Top news of the day from across the healthcare landscape.
A recent study showed that approximately 1 in 5 patients prescribed addictive pain drugs have shared their medication with friends or family members, possibly contributing to the opioid epidemic. According to Kaiser Health News, about 50% of patients did not know how to get rid of extra drugs or how to store them during treatment. Study authors suggest that prescribers need to counsel patients on how to safely store and get rid of extra medications that have the potential to be abused.
Due to increases in antibiotic-resistant bacteria, the Centers for Medicare and Medicaid Services have created a proposal for US hospitals to stop the overuse of antibiotics, otherwise the hospitals will be removed from the Medicare system. According to The Wall Street Journal, the infection-control rules these hospitals must follow have not been updated since the original mandatory rules were implemented in 1986. Public health experts and other advocates for this rule believe that it could keep current antibiotics from eventually becoming ineffective.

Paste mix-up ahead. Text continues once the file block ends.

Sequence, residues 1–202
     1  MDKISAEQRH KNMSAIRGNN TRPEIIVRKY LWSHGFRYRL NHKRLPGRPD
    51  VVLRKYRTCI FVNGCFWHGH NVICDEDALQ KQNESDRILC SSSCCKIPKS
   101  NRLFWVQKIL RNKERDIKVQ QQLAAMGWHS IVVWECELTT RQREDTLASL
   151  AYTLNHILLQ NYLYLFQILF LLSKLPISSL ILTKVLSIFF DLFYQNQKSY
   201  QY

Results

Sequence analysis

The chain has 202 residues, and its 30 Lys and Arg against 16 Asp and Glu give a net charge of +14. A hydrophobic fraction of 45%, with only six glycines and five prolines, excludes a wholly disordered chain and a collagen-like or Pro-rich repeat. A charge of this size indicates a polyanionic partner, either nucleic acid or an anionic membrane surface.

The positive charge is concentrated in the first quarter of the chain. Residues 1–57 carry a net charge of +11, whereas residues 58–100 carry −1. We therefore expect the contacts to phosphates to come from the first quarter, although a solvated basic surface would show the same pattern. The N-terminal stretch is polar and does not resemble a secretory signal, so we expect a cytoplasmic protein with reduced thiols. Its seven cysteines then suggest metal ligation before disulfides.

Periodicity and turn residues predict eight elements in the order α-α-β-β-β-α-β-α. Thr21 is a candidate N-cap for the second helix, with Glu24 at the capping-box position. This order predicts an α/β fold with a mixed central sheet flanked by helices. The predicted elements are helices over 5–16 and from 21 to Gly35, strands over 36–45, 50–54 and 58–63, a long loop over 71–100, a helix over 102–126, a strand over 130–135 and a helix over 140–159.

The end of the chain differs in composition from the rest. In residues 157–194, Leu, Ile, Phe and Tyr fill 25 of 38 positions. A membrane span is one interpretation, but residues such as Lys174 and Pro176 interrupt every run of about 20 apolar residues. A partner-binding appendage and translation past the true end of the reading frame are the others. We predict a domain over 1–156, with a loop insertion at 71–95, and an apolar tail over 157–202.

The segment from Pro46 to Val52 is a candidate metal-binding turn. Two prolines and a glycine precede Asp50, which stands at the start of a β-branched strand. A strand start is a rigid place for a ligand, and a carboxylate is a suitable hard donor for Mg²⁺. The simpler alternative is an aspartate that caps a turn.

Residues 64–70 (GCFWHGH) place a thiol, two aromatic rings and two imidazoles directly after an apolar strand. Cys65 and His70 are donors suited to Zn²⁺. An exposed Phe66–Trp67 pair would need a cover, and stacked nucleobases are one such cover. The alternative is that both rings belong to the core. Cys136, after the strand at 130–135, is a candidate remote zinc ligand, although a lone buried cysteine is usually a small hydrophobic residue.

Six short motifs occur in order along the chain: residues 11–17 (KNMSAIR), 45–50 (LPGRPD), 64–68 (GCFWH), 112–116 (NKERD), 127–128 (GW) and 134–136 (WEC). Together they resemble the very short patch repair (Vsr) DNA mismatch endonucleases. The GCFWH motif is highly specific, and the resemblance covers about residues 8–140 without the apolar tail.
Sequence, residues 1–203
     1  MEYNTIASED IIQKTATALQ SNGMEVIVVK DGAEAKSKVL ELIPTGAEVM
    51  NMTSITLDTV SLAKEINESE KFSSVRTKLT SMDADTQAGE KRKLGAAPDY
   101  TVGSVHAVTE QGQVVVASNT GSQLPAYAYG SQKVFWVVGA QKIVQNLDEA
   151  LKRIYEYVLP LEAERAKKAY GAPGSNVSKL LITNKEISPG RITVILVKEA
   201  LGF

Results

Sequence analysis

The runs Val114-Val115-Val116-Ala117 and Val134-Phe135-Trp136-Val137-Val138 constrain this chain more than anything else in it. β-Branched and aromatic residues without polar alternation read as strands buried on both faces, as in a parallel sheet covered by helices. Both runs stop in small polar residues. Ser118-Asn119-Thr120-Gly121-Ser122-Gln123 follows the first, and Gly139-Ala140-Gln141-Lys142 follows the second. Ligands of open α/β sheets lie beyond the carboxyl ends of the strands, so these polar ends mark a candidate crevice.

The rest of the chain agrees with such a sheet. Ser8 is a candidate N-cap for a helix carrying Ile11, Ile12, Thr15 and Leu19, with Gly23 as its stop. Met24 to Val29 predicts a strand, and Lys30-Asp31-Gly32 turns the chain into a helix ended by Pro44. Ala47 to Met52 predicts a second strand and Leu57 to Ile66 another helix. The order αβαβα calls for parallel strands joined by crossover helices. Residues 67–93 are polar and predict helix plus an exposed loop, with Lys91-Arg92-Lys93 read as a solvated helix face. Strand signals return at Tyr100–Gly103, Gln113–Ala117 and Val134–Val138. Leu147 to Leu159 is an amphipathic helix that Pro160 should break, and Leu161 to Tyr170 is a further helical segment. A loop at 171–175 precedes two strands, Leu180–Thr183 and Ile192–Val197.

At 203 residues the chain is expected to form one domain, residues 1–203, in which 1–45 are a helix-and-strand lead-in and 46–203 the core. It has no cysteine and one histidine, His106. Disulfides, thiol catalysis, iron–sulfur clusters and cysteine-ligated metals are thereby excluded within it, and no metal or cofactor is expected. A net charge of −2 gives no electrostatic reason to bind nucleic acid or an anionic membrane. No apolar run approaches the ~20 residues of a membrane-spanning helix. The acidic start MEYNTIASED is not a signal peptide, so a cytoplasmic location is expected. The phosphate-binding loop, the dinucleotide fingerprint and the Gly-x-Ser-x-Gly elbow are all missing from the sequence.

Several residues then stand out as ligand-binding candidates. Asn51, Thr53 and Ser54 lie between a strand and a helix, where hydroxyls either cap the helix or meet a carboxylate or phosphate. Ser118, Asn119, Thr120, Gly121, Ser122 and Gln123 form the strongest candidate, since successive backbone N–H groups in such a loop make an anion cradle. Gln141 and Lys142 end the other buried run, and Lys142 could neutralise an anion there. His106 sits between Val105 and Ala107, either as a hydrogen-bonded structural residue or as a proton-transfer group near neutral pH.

A healthcare cooperative in Maryland called Evergreen filed a lawsuit that claims the Centers for Medicare and Medicaid Services forced the company to give $22 million to CareFirst under the “risk adjustment” program from the Affordable Care Act. This program makes insurers with healthier patients pay fees to insurers with sicker patients, according to The Washington Post. The company believes that they are being unfairly charged due to the method used to calculate risk, since many patients do not sign up until later in the year and do not visit a doctor before the period to determine health status ends.